Homocysteine, a nonessential, sulphur containing amino acid and an intermediate from the metabolic demethylation of dietary methionin found to be significantly increased (p<0.001) from 12.48 ± 1.23 to 18.92 ± 2.11 mM/dl by 51.62% with respect to normal healthy subjects (Table-2). The increase of homocysteine level might induce atherothrombosis via the formation of homocysteine thiolactate, a byproduct of oxidation of homocysteine. Homocysteine thiolactate combines with LDL to form foam cells [21,22].. The LDL rich foam cells embed themselves in the vascular endothelium and become fatty streak, which is the beginning of an atherosclerotic plaque. Homocysteine thiolactate could also impair the oxidative phosphoryation and enhancement of the proliferation and fibrosis of smooth muscle cells . Homocysteine may also induce atherosclerosis by affecting endothelial derived relaxing factor that is nitric oxide. Nitric oxide combined with homocysteine in the presence of oxygen to form snitroso homo-cysteine, which inhibits sulfhydryl dependent generation of hydrogen peroxide. The bioavailability of NO. is decreased due to endothelial cell injury. This dysfunctional endothelial may be due to generation of oxygen radicals produced by homocysteine. Homocysteine may also reduce the antioxidant status, which could injure endothelial cells . Therefore, a significant increase of homocysteine level in the present work could be responsible for the pathogenesis of CAD.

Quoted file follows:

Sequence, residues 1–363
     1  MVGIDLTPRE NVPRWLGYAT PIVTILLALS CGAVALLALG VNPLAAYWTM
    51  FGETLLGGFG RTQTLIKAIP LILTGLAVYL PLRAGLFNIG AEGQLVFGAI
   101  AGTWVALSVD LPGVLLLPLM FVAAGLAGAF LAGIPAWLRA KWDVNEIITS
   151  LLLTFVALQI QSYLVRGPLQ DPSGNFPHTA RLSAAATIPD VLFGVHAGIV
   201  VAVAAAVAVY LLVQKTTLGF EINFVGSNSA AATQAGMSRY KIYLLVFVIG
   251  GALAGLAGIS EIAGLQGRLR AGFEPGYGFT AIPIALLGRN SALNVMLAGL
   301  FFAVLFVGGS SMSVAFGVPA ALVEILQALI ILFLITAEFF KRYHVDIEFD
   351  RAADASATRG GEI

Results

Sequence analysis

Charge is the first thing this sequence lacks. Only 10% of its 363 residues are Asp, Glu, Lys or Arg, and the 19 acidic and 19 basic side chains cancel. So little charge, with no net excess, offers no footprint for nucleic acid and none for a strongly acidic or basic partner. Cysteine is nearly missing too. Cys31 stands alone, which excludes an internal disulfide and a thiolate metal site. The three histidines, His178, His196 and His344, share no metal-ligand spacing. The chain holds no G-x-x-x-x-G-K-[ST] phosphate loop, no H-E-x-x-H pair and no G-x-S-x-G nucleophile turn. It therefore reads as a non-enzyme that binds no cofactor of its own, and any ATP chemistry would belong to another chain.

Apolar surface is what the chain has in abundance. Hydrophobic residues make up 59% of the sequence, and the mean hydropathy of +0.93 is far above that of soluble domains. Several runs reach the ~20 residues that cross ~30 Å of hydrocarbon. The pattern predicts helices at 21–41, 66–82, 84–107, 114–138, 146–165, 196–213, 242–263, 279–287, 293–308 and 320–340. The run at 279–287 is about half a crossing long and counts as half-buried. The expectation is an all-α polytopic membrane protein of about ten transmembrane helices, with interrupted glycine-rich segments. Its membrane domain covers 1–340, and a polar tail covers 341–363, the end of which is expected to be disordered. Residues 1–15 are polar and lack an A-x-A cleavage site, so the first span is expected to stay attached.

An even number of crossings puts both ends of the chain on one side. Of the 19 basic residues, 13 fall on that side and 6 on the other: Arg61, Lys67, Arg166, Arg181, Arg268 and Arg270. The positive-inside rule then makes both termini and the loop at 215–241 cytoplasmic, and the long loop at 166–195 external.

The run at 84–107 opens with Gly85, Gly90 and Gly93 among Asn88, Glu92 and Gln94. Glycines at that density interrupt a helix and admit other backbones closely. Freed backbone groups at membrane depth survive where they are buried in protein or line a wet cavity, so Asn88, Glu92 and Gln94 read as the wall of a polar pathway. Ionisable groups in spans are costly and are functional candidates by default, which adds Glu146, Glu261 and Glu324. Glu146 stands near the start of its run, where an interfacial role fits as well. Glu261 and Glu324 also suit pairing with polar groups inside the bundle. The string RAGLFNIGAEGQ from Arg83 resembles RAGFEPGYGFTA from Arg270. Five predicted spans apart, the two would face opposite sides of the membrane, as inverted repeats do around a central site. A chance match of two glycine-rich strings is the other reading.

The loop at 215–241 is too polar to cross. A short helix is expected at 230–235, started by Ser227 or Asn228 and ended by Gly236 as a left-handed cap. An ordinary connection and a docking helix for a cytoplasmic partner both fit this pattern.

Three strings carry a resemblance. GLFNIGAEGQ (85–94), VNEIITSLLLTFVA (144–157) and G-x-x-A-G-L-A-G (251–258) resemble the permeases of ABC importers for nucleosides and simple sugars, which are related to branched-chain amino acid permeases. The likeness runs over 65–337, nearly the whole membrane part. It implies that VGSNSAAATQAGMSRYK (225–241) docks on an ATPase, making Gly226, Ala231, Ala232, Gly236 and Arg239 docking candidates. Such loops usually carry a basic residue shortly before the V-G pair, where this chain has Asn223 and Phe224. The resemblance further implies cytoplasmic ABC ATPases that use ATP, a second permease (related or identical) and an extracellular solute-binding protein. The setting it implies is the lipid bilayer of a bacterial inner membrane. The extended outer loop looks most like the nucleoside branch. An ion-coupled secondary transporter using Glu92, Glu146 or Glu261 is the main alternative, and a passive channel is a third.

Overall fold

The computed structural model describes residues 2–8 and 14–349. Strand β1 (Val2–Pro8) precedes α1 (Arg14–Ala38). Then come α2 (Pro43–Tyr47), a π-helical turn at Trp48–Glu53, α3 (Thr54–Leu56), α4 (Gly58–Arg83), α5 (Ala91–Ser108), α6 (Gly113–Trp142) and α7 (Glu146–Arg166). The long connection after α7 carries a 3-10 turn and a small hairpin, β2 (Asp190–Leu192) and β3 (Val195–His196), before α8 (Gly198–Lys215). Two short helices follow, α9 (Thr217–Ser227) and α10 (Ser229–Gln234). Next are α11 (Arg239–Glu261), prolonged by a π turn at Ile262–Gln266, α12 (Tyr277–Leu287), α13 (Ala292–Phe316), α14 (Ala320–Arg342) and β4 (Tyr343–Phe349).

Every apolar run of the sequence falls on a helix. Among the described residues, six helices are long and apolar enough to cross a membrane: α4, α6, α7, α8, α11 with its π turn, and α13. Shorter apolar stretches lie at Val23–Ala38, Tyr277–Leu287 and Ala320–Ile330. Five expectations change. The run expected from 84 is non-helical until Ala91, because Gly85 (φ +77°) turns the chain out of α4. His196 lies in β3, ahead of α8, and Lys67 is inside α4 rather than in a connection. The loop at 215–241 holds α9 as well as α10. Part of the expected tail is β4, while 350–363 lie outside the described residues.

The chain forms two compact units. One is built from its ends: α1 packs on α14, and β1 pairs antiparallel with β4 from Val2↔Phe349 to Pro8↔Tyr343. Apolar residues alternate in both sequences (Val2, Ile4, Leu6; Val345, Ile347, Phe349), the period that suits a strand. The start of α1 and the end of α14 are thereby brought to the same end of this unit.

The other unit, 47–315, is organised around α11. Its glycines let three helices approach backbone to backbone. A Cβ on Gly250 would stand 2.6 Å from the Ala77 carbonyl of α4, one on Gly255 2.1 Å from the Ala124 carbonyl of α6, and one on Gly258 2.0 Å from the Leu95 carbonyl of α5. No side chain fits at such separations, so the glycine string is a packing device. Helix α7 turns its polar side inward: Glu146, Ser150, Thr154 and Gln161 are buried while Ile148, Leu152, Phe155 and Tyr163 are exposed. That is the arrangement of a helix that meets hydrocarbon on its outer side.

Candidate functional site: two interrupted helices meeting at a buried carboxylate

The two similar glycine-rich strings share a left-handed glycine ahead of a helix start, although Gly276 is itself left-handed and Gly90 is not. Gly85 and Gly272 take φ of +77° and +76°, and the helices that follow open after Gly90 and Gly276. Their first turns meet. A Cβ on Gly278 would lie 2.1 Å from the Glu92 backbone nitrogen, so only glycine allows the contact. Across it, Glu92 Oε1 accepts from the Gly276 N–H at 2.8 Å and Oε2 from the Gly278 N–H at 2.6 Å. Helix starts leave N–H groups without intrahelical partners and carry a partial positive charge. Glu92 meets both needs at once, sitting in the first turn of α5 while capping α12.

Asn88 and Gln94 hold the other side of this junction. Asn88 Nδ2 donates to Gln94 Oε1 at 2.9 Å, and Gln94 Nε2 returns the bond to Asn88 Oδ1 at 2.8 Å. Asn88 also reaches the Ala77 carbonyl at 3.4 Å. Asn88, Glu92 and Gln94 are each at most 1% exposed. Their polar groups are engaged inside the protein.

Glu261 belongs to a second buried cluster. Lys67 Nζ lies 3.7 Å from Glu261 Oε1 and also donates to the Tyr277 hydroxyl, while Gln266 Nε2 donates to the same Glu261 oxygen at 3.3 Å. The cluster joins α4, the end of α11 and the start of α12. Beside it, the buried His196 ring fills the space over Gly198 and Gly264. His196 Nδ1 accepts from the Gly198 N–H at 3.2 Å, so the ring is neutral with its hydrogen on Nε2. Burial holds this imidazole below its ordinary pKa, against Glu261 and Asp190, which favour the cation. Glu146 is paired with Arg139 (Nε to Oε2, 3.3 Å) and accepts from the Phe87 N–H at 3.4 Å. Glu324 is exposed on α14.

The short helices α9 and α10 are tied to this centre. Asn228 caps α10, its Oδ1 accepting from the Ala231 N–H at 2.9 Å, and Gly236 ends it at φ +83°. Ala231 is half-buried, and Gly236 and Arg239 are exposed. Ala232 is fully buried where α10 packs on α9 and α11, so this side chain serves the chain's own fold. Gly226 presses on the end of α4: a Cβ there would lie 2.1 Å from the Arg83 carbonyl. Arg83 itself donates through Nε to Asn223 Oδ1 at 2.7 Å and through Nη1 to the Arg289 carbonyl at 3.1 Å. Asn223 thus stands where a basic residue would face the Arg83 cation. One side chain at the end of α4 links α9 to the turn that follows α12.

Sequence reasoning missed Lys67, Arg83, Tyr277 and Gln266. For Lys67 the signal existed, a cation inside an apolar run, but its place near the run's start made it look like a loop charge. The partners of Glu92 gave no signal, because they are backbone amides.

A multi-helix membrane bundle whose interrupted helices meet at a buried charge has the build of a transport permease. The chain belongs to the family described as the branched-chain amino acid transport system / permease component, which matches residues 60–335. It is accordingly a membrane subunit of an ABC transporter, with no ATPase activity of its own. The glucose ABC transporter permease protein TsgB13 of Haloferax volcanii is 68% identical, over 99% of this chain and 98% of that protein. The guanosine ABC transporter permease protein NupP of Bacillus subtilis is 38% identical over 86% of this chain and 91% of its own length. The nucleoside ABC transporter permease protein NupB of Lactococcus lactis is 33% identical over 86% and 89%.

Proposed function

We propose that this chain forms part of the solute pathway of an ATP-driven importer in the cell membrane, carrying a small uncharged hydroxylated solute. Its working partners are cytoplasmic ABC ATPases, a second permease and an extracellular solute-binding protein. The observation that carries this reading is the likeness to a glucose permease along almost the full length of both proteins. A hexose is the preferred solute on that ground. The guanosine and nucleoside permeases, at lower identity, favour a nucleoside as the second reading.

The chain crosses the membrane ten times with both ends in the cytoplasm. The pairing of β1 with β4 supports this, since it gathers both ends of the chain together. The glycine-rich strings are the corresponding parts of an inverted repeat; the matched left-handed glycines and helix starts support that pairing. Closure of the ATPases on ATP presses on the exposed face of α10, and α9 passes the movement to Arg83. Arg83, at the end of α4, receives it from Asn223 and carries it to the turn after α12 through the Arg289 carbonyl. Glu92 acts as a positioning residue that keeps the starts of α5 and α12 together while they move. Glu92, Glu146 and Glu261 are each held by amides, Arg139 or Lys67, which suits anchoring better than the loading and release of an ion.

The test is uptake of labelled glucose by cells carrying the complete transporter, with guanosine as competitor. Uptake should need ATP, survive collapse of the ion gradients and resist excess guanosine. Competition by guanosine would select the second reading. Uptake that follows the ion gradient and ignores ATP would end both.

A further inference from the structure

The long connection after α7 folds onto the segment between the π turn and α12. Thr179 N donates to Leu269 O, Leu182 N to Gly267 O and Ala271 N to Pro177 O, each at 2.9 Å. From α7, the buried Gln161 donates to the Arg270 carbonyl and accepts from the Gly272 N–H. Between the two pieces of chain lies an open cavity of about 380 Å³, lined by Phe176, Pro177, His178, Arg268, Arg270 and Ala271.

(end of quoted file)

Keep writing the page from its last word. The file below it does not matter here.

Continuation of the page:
In conclusion, the aforementioned observations suggested that elevated levels of fibrinogen and homocysteine could be responsible for the pathogenesis of CAD and thereby the estimation of fibrinogen and homocysteine might be considered for screening programs, aimed for identifying individuals at high risk for cardiovascular disease in Indian population.